Policy Blog: Senate Passes Customs Authorization Bill

By Rich Harper February 16, 2016

The Senate approved legislation last week that will impact how U.S. Customs and Border Protection (CBP) facilitates the flow of outdoor products and other goods to consumers in the U.S. and around the world. The bill will give CBP new tools to protect domestic manufacturers from illegal shipments by foreign competitors and also makes technical fixes to new tariff lines for “recreational performance outerwear.” The House passed this legislation in December and it will now go to President Obama for his signature.

“Outdoor Industry Association applauds passage of the Customs Authorization Bill,” said Rich Harper, OIA’s Manager of International Trade. “This critical piece of legislation will help outdoor companies bring their innovative products to outdoor enthusiasts in the U.S. and around the world and ensure our trade laws are enforced, protecting U.S. brand and Made in U.S.A. products. In addition, it makes much needed fixes to the new tariff lines for recreational performance outerwear that sets the stage for tariff relief. Finally, we welcome the commitment on a Senate vote on the Marketplace Fairness Act, legislation that will level the playing field for brick and mortar outdoor retailers.”

Consideration of the Customs bill in the Senate had been delayed due to objections over the inclusion of the Permanent Internet Tax Freedom Act (PITFA) legislation that would make permanent a ban on imposing taxes on access to the internet. Proponents of the Marketplace Fairness Act (MFA) – a bill that would authorize retailers to collect sales taxes on remote sales – argued that PITFA and MFA should be considered together.  Senate Majority Leader Mitch McConnell (R-KY) made a commitment that the Senate would consider MFA this year, leading to the Senate vote on the Customs bill.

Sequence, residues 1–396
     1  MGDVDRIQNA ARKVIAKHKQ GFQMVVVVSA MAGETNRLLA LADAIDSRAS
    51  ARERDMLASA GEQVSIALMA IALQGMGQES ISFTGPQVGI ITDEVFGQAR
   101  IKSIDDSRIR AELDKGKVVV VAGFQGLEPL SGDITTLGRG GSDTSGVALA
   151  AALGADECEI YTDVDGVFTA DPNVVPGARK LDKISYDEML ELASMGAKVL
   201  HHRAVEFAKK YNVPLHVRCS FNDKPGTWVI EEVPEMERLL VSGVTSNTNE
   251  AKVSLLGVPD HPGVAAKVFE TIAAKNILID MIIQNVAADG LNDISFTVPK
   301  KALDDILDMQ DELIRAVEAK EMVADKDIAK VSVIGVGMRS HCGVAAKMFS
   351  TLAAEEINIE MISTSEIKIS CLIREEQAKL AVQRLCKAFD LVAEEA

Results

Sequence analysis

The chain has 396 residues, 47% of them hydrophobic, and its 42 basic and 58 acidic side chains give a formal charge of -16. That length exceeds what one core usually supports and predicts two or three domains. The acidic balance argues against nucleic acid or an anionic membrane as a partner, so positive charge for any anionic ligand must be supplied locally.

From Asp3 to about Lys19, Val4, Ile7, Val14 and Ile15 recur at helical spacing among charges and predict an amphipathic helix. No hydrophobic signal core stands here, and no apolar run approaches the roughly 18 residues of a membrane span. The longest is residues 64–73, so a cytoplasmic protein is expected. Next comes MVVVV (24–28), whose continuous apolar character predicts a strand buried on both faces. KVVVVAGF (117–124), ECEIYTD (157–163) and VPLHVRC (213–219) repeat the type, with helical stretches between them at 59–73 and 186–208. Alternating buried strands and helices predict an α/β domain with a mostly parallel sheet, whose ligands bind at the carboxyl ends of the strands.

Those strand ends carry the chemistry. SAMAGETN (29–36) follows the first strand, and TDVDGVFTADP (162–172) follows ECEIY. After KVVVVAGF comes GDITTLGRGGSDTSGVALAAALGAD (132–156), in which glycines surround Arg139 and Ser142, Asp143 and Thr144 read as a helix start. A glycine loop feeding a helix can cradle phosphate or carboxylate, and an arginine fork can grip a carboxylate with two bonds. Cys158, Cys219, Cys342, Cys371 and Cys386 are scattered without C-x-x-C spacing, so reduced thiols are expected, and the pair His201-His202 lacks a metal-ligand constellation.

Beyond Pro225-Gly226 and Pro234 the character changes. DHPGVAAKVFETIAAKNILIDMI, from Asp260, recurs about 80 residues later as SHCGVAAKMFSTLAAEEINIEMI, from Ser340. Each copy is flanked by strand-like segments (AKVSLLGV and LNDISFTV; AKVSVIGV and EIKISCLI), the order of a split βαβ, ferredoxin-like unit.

In addition to authorizing the operations of U.S. Customs and facilitating the free flow of goods across U.S. borders, the bill contains provisions to enhance the ability of the U.S. to enforce U.S. trade laws and trade agreements through anti-dumping and countervailing duties, among others. The bill contains two provisions of interests to the outdoor industry:

  • Technical fixes to the new tariff classifications or “breakouts” within the Harmonized Tariff Schedule (HTS) for recreational performance outerwear enacted earlier this year.
  • Language calling for a process to reform how Congress considers Miscellaneous Tariff Bills (MTBs) that suspend tariffs on products not produced domestically.

The recreational performance outerwear breakouts – a key portion of OIA’s signature trade initiative, the U.S. OUTDOOR Act – will help the industry better track imports and sets the stage for tariff elimination. MTB’s have saved outdoor companies more than $30 million, leading to more jobs, more innovation and lower retail costs for outdoor enthusiasts. OIA looks forward to Congress completing work on a new process in 2016.